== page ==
New York is now one step closer to becoming the first state to ban crypto mining that relies on carbon-based power sources.
The news comes after the state’s lawmakers passed a bill barring new entrants from establishing operations and pausing renewals for the already existing operating permits.
Approved by the New York State Assembly in April, the Senate Bill S6486D was passed in a 36-27 win following an early morning vote on Friday.
The bill is now headed to Governor Kathy Hochul to sign it into law or veto it.
#NYSenate Bill S6486D, sponsored by @senatorparker, passed (36-27, unofficial). Relates to establishing a moratorium on cryptocurrency mining operations that use proof-of-work authentication methods to validate blockchain transactions:https://t.co/IagLZWiztp
— New York State Senate (@NYSenate) June 3, 2022
The bill calls for a two-year moratorium on fossil-fueled cryptocurrency mining operations that use proof-of-work (PoW), a particularly energy-hungry method to verify transactions on the blockchain.
It also essentially caps the electrical consumption of existing mining operations at their current levels.
The bill doesn’t stop any operations that run on renewable energy though, nor does it prevent the use of less energy-intensive alternatives to proof-of-work, such as proof-of-stake (PoS), used by many other cryptocurrencies to verify transactions.
The PoW algorithm underpins the industry’s two biggest cryptocurrencies—Bitcoin and Ethereum.
The latter, however, is expected to switch to a PoS consensus mechanism in Q3 this year.
Bitcoin mining environmental concerns
Plenty of debate around the bill is focused on the negative impact Bitcoin mining allegedly has on the environment.
According to Cambridge Bitcoin Electricity Consumption Index, if the Bitcoin network were a nation, it would rank 32nd in the world—right between Argentina and the Netherlands—in annual electricity use.
“There are an increasing number of cryptocurrency mining operations in New York that are mining cryptocurrencies that use proof-of-work consensus algorithm, such as Bitcoin and Ethereum,” reads the bill. “Some cryptocurrency mining companies purchased retired fossil fuel plants and began operating at a much higher rate than the plants did previously. Those companies are essentially operating as an electric generating facility that uses fossil fuels.”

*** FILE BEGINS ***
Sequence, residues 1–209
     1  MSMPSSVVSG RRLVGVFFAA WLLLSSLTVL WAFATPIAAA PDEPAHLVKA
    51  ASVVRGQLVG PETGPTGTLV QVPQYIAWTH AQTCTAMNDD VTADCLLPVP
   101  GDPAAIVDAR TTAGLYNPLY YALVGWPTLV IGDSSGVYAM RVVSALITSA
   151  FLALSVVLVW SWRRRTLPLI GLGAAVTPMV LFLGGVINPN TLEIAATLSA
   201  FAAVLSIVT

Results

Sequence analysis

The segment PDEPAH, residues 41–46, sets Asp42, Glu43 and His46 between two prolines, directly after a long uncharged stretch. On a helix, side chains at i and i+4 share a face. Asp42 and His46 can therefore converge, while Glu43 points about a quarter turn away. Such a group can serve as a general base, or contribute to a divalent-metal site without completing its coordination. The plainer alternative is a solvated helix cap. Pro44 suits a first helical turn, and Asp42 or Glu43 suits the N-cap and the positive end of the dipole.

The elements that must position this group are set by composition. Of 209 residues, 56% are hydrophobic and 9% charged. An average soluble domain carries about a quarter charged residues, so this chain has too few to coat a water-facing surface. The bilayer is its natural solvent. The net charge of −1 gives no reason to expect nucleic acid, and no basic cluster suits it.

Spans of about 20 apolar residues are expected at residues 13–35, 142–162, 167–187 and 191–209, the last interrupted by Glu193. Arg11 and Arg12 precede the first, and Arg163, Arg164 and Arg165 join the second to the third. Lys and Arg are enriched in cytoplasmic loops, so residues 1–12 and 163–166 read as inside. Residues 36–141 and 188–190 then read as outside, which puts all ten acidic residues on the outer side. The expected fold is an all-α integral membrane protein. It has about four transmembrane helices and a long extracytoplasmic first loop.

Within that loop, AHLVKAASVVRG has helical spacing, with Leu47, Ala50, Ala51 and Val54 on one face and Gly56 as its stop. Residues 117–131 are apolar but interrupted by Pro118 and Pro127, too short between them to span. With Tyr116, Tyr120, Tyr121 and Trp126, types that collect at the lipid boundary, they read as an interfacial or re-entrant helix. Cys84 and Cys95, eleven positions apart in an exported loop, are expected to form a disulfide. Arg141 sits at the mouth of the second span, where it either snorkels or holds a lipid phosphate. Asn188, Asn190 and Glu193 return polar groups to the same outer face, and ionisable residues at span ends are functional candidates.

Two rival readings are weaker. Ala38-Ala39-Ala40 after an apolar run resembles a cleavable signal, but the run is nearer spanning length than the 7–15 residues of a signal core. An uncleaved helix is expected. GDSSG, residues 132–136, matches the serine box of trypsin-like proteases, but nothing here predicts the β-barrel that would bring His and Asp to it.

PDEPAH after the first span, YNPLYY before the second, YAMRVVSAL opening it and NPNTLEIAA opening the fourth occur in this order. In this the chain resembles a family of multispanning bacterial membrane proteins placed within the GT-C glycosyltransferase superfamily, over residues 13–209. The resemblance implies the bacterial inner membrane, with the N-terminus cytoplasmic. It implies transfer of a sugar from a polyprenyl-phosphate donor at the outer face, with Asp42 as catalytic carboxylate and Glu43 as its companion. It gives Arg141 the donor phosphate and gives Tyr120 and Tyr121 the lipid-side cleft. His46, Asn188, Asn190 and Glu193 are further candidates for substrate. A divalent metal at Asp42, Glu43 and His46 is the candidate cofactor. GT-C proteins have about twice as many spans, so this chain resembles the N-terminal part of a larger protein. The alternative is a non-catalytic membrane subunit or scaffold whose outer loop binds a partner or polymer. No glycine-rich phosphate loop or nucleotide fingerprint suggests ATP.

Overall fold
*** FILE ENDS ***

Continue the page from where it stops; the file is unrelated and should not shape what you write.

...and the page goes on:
Additionally, the bill mandates the creation of a "generic environmental impact statement" on PoW-based mining, which would see the New York State legislators “determine whether the growth of proof-of-work authentication cryptocurrency mining companies that operate their own electric generating facilities and produce energy by burning fossil fuels is incompatible with our greenhouse gas emission targets established in law.”
The bill, however, faces strong opposition from the representatives of the crypto industry fearing that if passed, it would deliver a blow to New York’s economy.
“This is a significant setback for the state and will stifle its future as a leader in technology and global financial services,” Perianne Boring, founder and president of the Chamber of Digital Commerce, told CNBC.
Greenidge Generation Holdings Inc., a New York-based Bitcoin mining outfit, also responded to the recent moratorium on June 3, saying "that the legislation will not apply to Greenidge's operations." It currently holds the necessary operating permits and filed a renewal application prior to the passing of the latest piece of legislation.
Still, the firm has earned the ire of many environmentalists and climate activists as its operations may threaten the state's aggressive climate goals.
An even more important aspect, according to Boring, is that signing the bill into law “will eliminate critical union jobs and further disenfranchise financial access to the many underbanked populations living in the Empire State.”